The guy on the phone said he got my name and unlisted number from Merry, who up until that moment had been a good friend of mine.
“I am presently enrolled in a marketing class at the university,” he explained, “and must be completing five practice sales presentations for my assignment.”
I’m the one who slams the door on missionaries, declines all Tupperware party invitations and stays clear of anyone selling Amway products. Maybe it was his peculiar accent and desperate need to have “just five people” listen to him in order to pass the class that made me give in. Merry had given him my name, after all.
Warning him in advance that I wouldn’t buy anything, I agreed to let him stop by after he assured me he wouldn’t try to sell anything.
“Oh, no, Lady. I am only needing your signature to confirm I did the practice.”
Maybe I could manage to be out when he came.
“I am parking just around the corner. I will be arriving at your house in one minute,” he said before hanging up.
Profiler that I am, I did think of terrorist warnings when I opened the door and saw him. He didn’t have bombs in his suitcase, though. Just sharp knives.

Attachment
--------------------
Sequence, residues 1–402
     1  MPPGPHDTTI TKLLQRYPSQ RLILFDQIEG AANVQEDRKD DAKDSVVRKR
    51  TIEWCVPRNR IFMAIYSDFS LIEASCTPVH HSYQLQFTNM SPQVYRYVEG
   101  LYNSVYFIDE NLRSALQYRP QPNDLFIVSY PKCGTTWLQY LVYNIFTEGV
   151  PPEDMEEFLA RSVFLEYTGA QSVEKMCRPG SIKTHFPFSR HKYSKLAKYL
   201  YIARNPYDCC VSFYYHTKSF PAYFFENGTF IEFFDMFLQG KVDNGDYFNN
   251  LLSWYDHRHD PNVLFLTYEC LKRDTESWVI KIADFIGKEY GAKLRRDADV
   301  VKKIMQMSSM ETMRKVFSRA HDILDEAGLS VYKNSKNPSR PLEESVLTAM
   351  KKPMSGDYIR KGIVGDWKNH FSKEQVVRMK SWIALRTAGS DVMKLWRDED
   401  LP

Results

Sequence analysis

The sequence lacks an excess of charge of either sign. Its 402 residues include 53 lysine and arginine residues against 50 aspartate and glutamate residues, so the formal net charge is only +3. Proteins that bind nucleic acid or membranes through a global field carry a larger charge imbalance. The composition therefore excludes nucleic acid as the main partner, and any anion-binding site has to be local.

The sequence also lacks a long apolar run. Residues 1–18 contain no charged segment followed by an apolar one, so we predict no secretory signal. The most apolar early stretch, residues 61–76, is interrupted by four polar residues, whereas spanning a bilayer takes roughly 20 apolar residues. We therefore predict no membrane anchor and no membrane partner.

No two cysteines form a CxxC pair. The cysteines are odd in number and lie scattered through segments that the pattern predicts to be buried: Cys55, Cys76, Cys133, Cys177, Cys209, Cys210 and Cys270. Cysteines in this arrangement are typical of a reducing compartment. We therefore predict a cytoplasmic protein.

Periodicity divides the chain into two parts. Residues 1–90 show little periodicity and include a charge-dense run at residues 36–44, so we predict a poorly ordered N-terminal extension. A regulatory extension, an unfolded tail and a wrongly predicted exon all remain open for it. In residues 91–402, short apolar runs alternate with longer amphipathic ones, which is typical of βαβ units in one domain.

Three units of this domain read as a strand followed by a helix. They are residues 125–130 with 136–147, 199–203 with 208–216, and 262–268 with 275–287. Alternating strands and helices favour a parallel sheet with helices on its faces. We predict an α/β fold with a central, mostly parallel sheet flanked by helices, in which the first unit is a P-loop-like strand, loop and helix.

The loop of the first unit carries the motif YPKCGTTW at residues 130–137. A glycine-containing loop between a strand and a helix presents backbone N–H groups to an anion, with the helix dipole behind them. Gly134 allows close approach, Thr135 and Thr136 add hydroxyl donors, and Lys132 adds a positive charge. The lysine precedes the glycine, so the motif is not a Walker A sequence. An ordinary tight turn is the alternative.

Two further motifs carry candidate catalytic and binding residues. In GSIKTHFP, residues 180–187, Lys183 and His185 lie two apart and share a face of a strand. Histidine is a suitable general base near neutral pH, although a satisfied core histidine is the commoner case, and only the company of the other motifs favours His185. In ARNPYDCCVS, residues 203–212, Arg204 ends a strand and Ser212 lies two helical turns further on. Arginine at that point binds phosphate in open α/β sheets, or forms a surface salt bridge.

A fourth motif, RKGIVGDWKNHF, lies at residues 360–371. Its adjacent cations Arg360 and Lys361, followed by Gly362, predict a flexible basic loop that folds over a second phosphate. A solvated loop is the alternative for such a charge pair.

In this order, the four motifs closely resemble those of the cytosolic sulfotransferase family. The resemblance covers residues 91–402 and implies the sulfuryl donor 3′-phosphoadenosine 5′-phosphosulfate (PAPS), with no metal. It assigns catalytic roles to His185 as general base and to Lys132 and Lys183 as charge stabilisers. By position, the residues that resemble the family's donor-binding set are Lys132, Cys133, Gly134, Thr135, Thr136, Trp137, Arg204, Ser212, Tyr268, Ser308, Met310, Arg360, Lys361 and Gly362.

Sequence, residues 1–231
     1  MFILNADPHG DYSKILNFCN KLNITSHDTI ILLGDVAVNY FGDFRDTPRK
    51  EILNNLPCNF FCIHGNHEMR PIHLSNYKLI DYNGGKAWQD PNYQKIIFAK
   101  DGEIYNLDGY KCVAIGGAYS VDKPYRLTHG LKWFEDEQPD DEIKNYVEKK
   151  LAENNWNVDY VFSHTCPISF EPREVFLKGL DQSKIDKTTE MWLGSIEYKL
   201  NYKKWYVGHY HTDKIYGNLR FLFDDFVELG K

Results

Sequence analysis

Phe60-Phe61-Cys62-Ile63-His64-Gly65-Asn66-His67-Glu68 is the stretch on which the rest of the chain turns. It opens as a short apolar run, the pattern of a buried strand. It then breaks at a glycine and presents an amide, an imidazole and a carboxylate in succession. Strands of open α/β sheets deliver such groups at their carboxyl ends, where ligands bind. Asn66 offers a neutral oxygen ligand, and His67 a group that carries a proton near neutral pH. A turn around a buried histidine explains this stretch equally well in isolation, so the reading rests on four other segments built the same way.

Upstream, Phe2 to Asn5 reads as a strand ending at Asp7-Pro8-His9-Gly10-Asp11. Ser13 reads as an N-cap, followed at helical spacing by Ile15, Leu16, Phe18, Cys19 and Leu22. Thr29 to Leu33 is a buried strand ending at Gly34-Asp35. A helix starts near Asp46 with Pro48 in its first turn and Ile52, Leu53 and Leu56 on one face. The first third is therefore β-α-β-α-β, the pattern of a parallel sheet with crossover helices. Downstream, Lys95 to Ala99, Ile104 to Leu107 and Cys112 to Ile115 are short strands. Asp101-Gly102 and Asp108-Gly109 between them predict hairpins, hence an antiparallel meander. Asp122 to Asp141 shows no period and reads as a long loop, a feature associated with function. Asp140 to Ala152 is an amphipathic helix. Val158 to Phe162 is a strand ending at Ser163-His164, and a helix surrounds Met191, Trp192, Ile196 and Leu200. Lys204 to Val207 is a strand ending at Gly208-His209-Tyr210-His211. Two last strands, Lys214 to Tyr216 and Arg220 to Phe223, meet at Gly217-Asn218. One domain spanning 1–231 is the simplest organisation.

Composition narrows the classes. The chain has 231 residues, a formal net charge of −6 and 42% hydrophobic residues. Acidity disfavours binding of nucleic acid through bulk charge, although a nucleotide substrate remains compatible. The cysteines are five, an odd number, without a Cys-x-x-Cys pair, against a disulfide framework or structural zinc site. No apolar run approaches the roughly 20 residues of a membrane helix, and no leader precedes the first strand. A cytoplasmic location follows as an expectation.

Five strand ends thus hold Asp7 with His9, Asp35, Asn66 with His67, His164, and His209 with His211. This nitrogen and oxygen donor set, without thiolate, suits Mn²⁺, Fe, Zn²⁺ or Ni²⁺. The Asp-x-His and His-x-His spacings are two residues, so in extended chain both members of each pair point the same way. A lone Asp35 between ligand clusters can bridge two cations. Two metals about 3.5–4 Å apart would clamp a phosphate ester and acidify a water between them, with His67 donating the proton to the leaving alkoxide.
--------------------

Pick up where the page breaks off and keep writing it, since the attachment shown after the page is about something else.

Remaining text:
He whipped out a black velvet cloth, draped it over my coffee table and began to carefully lay out each weapon. I began to sweat.
“You know, I don’t need any knives, so this is wasting your time and mine,” I said.
“Oh no, I am just needing to present a short sales talk for my class.” He picked up an enormous butcher knife. “Please feel this piece of cutlery,” he ordered, stressing the “cut” syllable. I quickly took the knife out of his hands. He talked about the tempered steel and pointed out features of a few of the other knives. He could have just used the word “sharp.”
He took a penny out of his pocket and with great drama cut through it with one of the special scissors. “I will bet you do not have a knife or scissors capable of doing that,” he said.
He didn’t laugh when I told him that as much as I always try to cut expenses, I’d never tried slicing pennies.
I politely asked him to leave, but he kept on talking about knives. When I mentioned calling the police, he started packing up his arsenal. He paused on the way out and asked, “Since you were not buying my knives, will you be kind enough to give me names and phone numbers of ten friends so I will not be failing in this class?”
I slammed the door.
The next time I meet an Amway distributor, I’m going to mention my friend who wants to try their laundry detergent. Any missionary who knocks on my door is going to get Merry’s name and address, too.